Deadly California fires ‘most destructive’ in the state history
A Northern California fire has become the most destructive in the state’s modern history, killing at least nine people and wiping out much of an entire town.
A quarter of a million people have been forced from their homes statewide as the Camp Fire in the north and two other major fires — Woolsey and Hill — in Southern California burned this weekend.
As firefighters struggle to contain the uncontrolled wildfires, forecasters said intense winds and low humidity could fuel the blazes and make them spread even farther.
Evacuees trapped in traffic abandoned their cars and ran with their children in tow as the Camp Fire quickly closed in in Northern California’s Butte County.
Malibu mansions burned to the ground in Southern California, while another fast-growing brush fire left employees at the Los Angeles Zoo racing to protect animals from smoke.
In Thousand Oaks, a community mourning this week’s mass shooting, a recreation center where survivors grieved was filled with people fleeing the fire.
Death toll: The fast-moving Camp Fire killed at least nine people in Northern California. Some were inside cars, and others were near or inside homes. They have not been identified.
Trump tweets: President Donald Trump blamed the wildfires on the “gross mismanagement of the forests” in a tweet early Saturday. “Remedy now, or no more Fed payments!” he said.
Massive evacuations: Fire officials estimate the number of people forced from their homes statewide is more than 250,000.
Burning and growing: By late Friday, the Camp Fire was the largest, swelling to 90,000 acres. The Woolsey Fire has torched about 35,000 acres, while the Hill Fire was at 4,531 acres.
Containment: Firefighters are struggling to put down the flames. The Camp Fire is 5 percent percent contained, while the Woolsey Fire remains uncontrolled. The Hill Fire was 15% contained.
Destruction: In Northern California, nearly 7,000 structures have been destroyed, including 80% to 90% of the homes in Paradise, north of Sacramento. In Los Angeles and Ventura counties, a significant number of homes were destroyed or damaged, fire officials said.
The Camp Fire has killed at least nine people in Paradise and destroyed 6,453 structures.
The bodies of five people were found in or near a vehicle, and the other four were in or outside a home.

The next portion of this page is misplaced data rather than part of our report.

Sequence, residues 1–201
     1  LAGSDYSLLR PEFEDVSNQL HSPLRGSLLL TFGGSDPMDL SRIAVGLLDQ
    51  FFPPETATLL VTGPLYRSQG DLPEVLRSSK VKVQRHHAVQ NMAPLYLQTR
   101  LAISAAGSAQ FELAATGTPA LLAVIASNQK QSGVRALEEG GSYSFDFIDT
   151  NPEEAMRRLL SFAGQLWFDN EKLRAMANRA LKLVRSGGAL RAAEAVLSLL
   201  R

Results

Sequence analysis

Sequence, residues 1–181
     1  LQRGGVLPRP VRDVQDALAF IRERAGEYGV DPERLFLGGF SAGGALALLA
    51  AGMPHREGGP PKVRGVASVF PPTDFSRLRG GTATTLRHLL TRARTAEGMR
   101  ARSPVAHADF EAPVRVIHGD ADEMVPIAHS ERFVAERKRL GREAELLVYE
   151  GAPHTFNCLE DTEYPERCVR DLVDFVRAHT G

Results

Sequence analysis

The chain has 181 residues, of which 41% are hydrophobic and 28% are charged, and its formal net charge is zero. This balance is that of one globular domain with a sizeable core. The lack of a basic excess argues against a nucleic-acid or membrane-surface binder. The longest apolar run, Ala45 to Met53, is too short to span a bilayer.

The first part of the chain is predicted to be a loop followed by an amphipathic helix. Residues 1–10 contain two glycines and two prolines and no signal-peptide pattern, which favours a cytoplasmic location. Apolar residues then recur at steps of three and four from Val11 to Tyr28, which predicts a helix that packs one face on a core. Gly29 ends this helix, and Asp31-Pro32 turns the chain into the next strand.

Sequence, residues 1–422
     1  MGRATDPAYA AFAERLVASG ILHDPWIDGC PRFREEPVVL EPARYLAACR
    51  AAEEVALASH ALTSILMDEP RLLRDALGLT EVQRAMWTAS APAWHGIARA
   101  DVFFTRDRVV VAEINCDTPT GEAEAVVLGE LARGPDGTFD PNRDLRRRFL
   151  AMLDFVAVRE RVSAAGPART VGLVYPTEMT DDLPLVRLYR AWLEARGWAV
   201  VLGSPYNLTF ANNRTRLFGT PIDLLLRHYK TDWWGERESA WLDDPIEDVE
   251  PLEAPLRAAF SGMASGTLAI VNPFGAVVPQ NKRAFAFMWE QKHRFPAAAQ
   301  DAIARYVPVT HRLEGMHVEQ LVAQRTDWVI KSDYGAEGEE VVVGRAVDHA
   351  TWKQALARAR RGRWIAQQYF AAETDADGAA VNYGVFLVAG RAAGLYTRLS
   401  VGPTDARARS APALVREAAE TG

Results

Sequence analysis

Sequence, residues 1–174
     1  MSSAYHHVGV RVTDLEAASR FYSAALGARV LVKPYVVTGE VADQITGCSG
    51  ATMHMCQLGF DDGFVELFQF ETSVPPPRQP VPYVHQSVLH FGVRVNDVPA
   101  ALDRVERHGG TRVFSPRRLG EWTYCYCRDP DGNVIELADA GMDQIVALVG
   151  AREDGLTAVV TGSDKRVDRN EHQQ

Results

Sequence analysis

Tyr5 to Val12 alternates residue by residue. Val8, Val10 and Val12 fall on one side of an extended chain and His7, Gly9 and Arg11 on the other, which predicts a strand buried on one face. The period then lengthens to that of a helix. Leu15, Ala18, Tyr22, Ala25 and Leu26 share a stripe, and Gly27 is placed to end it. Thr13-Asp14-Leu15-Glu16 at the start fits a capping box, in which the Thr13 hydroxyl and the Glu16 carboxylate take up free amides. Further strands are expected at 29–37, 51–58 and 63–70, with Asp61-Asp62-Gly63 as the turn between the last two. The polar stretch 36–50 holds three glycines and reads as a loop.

The fast-moving blaze consumed most of Paradise, a town about 80 miles north of Sacramento.
Families described the scenes of panic and terror during their escape.
“The flames were whipping and spreading so fast,” Whitney Vaughan said after fleeing her home in Paradise. “It began to jump the road. There wasn’t anywhere to go.”
The town was mostly empty, and the main road littered with downed trees and power lines. Much of the brush and grasses were blackened along the valleys, and trees were still burning. An estimated 52,000 people evacuated in Butte County, where Paradise is located.
Fire officials said three firefighters and some civilians were wounded, but details about their injuries were unknown. About 35 people have been reported missing, authorities said.
More than 200,000 people have fled in Ventura County and in Malibu in Los Angeles County due to the Woolsey Fire, officials said.
Firefighters worked to protect thousands of students and staff sheltering in place Saturday at Pepperdine University as flames started reaching the campus overnight, school officials said.
The fire crossed US 101 a few miles east of Thousand Oaks — the site of Wednesday night’s bar shooting — and was headed south to the Pacific coast in the direction of Malibu Creek State Park and the city of Malibu, the Los Angeles County Fire Department said.
In Malibu, mandatory evacuations were ordered for the entire city of about 12,000 people that’s known for celebrity beachside homes.
The howling Santa Ana winds fueled the Woolsey Fire. These are strong, dry winds that high-pressure systems push from east to west, from the mountains and desert areas down into the Los Angeles area.
A round of Santa Ana winds is forecast to whip the area Sunday through Tuesday, though it may be weaker than Friday’s.
The Hill Fire is burning near the site of this week’s mass shooting in Thousand Oaks.
It started Thursday and initially spread quickly, torching 10,000 acres in six hours. But firefighters have made some progress. As of Friday night, it was 15% contained.
Part of the blaze was burning into the footprint of a 2013 wildfire, which could slow its spread, Ventura County Fire Chief Mark Lorenzen said.
No houses or businesses have been lost in the fast-moving blaze, but a number of RVs and outbuildings have been burned, and a firefighter suffered a minor injury, authorities said.